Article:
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Illinois’ tax-increase-with-no-reforms would “save the state,” some supporters told us.

Others claimed the new tax increases would cap growth of the unpaid bill balance: “We’ve been saying for 2 months that the higher income tax receipts would not start getting to our office until September,” Comptroller Susana Mendoza spokesman Abdon Pallasch said. “The new budget should stop [the backlog] growing. The part of the budget aimed at getting it down was the bond authority which the governor just said he would take advantage of.”

It has done neither.

It hit a record $16.3 billion today, according to the Comptroller’s office. That’s up a full billion since the start of September when the new tax revenue was supposed to cap it.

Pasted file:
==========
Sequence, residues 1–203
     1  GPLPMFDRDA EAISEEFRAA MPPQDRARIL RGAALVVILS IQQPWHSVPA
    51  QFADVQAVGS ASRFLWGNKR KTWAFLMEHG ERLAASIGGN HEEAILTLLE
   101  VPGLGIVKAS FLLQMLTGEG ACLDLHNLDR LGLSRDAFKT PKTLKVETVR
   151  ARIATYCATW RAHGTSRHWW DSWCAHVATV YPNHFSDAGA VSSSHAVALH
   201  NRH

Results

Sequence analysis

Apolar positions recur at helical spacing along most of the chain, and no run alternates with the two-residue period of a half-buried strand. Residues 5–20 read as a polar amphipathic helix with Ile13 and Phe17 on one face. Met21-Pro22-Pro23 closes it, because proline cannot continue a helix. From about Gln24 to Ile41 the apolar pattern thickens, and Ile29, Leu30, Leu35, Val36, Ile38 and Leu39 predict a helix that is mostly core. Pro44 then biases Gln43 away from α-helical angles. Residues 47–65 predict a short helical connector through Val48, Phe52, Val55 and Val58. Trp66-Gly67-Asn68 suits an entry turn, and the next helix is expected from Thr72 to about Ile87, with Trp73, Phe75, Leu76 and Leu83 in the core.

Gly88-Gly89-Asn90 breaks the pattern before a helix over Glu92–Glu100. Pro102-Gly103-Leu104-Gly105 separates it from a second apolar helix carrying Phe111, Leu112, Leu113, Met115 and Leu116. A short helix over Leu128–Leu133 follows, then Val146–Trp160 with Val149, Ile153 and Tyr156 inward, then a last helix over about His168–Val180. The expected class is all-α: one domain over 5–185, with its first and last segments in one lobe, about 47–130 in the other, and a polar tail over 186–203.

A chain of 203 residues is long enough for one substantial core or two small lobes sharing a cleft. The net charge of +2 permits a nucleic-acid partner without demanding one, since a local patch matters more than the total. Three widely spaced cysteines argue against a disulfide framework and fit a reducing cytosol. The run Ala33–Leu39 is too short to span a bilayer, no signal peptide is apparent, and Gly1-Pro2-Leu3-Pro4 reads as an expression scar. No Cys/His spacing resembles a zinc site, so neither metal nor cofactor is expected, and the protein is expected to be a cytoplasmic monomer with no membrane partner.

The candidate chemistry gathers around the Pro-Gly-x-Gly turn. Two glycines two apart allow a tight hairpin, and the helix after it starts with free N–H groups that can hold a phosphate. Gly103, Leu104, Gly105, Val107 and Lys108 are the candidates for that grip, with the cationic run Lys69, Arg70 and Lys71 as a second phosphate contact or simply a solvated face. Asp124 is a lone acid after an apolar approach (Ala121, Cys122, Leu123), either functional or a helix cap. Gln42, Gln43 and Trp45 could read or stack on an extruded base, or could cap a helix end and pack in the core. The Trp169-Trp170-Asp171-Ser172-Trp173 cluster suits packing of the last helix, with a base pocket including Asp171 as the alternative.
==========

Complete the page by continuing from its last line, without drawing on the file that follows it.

Actually, the bill backlog by itself doesn’t mean terribly much; it’s not a proxy for how well we are doing. It’s just one account among many the state has. It’s the consolidation of all of them that really matters, and that picture is much, much worse. See our earlier article on that linked here.

Plus, as as recently reported, we don’t know what the backlog really is because many bills haven’t been reported in yet.

The bill backlog will decrease as the new bond proceeds of $6 billion are applied against it. Just don’t believe silly statements like “The digging out of debt in Illinois begins,” which is the headline on a “Statehouse Insider” article yesterday. The bond issue just swaps one form of debt for another, plus interest and fees, of course.

Mark Glennon is founder of Wirepoints. Opinions expressed are his own.

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“Digging out of debt”, when your budgeting standard is next-year cash accounting, simply means pushing the debt into the future. If they push it into the future with a loan, the debt is “gone”. That’s the standard. Accounting doesn’t tell you what’s right or wrong, just what the standard is. I have no clue what would change the accounting standard for government budgeting.